There are various motives upon which DIF finds the entry into the Nigerian market quite lucrative (Ekeledo & Sivakumar, 2004). First, they have a significantly unique product that could easily fit the Nigerian economy and push it to higher heights. As pointed out by Czinkota and Ronkinen (2007), the possibility of having a unique product that readily fits the demand by a given foreign economy stands out as a major motive behind the international market entry efforts by multinational companies. In its expertise in the CRM/ERP industrial sector, DIF features the Vesi Platform, which comprises of technological advantages that naturally fit into the market of Nigeria – the most populated country in Africa (World Economic Forum, 2009). The Vesi platform is a product that enables the maintenance as well as the updating of the database relating to core customer information in various businesses. It features strategic management tools for aspects such as sales, billing, inventory, as well as various other business management aspects necessary for business growth in the 21st Century business world. Most importantly, it supports business operations across various industries (VESI Value Platform – Sales Planning Material, 2014). Notably, there is poor ICT infrastructure in the Nigerian economy. That is the poor supply of electricity and other core ICT infrastructural program. However, the fact that DIF has been in the information technology business for quite a substantially notable time, it features the necessary experience to transform the Nigerian ICT industry in a major way. The uniqueness of the DIF Vesi product stands out as its aspects of modernity, compatibility as well as its simplicity in meeting the business operation needs of clients across various industrial sectors.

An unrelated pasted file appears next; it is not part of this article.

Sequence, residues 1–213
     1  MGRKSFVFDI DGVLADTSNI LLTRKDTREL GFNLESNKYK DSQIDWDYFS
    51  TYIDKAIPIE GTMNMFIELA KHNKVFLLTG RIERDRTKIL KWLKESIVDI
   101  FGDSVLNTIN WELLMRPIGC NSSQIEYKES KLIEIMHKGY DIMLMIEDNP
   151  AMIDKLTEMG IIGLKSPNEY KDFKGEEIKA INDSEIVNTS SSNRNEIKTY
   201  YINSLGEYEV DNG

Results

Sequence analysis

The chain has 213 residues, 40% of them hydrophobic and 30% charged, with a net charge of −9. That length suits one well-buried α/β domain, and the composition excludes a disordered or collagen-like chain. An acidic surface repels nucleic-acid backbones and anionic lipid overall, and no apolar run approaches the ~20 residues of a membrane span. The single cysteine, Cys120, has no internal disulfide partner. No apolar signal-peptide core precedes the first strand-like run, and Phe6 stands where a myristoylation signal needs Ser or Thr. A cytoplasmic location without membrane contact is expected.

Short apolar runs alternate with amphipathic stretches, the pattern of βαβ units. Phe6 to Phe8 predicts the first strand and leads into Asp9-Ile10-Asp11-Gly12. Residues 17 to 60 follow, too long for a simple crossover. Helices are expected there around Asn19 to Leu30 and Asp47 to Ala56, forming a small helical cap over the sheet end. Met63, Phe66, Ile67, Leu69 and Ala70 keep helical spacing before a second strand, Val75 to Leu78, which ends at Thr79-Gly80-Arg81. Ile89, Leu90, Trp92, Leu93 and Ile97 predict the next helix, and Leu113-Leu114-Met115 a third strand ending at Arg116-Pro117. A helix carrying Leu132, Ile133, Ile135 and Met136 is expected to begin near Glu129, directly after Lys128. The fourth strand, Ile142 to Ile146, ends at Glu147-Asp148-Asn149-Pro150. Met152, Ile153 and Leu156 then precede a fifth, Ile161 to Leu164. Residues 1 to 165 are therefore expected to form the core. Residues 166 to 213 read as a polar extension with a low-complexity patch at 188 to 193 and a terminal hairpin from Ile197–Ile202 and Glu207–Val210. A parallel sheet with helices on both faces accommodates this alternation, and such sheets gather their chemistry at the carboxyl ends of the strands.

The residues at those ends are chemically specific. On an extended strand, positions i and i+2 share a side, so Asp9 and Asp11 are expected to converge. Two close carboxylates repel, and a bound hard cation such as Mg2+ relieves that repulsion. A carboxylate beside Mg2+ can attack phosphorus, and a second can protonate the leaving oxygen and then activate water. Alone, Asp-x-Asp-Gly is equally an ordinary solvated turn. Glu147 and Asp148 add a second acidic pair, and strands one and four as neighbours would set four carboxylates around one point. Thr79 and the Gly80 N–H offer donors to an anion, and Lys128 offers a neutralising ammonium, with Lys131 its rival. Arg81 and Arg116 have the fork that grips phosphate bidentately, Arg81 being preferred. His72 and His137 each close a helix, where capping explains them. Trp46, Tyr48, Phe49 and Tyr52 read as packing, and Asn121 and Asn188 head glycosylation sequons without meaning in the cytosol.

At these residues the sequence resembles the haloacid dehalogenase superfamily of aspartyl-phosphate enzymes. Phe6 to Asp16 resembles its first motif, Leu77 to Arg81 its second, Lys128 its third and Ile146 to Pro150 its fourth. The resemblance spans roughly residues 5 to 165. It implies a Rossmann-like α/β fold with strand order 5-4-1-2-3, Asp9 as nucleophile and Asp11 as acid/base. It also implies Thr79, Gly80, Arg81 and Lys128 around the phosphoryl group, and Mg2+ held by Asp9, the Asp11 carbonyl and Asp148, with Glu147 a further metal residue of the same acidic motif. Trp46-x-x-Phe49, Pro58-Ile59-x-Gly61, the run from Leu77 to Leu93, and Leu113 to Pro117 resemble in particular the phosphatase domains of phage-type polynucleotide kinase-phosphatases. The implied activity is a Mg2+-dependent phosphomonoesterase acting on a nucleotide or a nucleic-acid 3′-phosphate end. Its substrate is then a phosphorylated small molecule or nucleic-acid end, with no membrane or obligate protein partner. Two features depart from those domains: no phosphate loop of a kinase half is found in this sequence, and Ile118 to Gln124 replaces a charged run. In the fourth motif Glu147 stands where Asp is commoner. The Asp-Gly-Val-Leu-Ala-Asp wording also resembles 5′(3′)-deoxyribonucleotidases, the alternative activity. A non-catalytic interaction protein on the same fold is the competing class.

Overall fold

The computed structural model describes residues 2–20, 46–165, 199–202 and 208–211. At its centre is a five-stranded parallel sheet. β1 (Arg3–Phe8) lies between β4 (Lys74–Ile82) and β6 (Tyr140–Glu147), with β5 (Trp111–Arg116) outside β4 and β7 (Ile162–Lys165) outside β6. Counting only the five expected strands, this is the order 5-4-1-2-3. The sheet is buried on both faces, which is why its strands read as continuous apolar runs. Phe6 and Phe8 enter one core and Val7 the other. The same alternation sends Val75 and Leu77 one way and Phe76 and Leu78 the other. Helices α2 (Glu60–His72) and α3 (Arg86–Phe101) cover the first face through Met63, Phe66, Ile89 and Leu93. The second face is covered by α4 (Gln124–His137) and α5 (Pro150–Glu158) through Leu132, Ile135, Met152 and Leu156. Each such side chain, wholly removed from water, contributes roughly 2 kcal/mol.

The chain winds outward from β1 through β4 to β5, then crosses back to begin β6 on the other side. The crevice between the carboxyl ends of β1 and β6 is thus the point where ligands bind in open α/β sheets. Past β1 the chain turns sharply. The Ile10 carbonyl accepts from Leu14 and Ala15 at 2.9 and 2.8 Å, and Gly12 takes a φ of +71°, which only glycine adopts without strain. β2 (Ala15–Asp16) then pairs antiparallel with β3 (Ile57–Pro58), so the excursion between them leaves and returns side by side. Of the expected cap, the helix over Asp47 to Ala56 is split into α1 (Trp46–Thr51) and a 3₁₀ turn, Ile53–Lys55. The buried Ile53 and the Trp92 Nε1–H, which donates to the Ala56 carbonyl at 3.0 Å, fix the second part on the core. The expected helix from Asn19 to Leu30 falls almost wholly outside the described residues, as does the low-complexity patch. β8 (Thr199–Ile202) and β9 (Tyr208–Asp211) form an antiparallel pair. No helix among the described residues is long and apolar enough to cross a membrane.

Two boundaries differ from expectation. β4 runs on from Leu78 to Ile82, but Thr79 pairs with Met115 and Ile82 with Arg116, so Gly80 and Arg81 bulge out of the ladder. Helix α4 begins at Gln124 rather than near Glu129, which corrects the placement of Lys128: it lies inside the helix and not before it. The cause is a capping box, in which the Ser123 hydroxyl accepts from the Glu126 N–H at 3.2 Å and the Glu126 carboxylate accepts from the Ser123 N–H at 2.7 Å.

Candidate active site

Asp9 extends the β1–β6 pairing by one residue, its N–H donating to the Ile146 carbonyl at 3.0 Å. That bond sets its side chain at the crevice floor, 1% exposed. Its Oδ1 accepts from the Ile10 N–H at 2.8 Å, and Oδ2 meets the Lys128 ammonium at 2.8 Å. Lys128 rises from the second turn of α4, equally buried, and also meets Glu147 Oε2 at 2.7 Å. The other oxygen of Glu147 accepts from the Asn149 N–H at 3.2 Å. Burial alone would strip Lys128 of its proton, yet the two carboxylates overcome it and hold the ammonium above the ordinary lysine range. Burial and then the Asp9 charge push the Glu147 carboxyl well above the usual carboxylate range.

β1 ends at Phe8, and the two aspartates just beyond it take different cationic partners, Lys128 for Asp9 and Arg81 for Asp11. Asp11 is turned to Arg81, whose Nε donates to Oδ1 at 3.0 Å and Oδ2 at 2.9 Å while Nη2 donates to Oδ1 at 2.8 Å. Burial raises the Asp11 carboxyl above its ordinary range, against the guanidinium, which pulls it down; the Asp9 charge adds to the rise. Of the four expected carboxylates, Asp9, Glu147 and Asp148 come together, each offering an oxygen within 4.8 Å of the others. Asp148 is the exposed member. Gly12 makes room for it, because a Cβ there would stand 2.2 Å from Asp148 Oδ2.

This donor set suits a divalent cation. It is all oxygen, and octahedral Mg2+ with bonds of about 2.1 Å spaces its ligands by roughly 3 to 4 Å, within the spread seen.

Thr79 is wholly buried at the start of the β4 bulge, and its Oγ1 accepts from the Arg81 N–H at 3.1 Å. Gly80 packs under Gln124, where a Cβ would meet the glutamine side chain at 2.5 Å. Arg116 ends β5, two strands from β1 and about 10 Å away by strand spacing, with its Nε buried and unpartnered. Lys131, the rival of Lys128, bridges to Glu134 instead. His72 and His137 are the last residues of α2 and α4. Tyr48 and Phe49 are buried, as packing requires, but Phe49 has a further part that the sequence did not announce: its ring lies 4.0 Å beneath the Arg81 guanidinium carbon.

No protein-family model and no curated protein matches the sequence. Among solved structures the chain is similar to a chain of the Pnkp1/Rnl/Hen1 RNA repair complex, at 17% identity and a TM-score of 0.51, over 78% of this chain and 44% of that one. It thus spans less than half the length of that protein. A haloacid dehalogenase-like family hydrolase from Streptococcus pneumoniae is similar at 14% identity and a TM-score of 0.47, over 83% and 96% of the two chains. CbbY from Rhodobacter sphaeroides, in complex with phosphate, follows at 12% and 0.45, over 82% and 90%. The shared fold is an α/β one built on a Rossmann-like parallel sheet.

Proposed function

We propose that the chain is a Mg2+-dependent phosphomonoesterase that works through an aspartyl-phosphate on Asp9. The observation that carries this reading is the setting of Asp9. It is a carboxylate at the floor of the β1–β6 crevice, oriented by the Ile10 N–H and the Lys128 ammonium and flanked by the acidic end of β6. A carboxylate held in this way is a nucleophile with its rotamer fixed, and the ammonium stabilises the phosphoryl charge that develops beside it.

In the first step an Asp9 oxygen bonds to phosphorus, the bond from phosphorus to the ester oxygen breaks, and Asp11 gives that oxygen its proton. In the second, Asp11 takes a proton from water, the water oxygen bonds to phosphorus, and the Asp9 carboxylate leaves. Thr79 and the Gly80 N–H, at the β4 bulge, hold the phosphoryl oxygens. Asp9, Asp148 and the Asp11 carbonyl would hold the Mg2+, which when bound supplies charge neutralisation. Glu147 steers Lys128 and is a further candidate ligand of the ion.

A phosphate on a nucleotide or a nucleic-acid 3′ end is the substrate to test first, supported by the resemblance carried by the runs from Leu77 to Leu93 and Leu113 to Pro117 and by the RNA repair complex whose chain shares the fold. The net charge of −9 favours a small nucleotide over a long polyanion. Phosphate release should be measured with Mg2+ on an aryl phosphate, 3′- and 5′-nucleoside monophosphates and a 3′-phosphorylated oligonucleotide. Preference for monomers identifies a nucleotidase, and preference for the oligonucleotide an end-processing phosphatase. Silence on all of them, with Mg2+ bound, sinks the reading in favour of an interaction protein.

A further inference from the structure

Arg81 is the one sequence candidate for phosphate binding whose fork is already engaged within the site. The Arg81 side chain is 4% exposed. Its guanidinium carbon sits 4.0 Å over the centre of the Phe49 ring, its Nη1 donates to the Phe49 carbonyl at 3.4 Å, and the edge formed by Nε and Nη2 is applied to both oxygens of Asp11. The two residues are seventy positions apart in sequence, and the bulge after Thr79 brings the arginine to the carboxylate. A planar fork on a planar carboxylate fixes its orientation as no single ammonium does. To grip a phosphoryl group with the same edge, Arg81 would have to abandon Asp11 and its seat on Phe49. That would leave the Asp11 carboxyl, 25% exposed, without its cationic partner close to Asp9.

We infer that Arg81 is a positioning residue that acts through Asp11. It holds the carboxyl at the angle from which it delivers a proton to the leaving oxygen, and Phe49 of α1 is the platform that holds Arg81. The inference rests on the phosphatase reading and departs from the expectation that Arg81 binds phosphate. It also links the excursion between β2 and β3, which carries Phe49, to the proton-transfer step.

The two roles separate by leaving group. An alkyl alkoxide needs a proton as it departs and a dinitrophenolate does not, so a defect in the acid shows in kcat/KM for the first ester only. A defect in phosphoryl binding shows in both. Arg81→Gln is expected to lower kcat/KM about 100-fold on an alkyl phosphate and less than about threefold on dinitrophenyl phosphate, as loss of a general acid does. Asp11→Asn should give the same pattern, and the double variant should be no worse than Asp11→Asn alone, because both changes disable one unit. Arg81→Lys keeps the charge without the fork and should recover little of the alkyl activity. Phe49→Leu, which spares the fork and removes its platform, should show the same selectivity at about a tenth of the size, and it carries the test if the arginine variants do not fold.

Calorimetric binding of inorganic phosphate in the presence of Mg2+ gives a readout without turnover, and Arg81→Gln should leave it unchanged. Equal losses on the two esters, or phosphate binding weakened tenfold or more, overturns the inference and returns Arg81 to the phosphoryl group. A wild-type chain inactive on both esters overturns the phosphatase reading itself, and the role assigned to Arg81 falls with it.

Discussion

Other than the uniqueness of the Vesi platform in the Nigerian market, there is another motive that surfaces regarding the economies of scale and the subsequent profit-making potential in the Nigerian economy. According to Jeremy Waterman (2012), ICT products developed for ERP and CRM solutions feature more profits once developed with specific focus on large corporations. As a major developing economy in Africa, Nigeria provides an ideal market for such endeavors. Nigeria has in the past not had credible vendors for upper mid-market ERP and CRP products. In light of the above, the Vesi platform by DIF whose design is suited for meeting such needs at a global perspective is very ideal in Nigeria. Standing out as the largest target market location in Africa, Nigeria boasts of a population of 170 million people, which could increase to over 440 million by the year 2050 (UN Conference, 2012). Overall, Nigeria has 36 states and 8 major cities with over 2 million residents in each (Media-Reach, 2013). Consequently, it is a country that promises relatively huge potentials in the future of the ERP and the CRM business. According to insight from the Conference on Trade and Development by the United Nations, Nigeria is the leading country in Africa in terms of foreign domestic investment (UNCTAD Report, 2013). According to Finpro (2010), the investors from Finland are relatively reluctant to find new markets in foreign economies. However, he notes that Africa, and in this case in Nigeria, there is a clear opportunity to capitalize more in ICT products compared to Finland and other European countries where the competition in the above industrial sector is already tough. There are many new opportunities that open up in Africa primarily due to the tendency of the positive development of the economies of various African countries (Rundh, 2007). In light of the above, DIF has the opportunity to use the advantage of the economies of scale in making more profits by entering the Nigerian economy as opposed to focusing on the home competition in the already developed Finland ERP and CRP industry.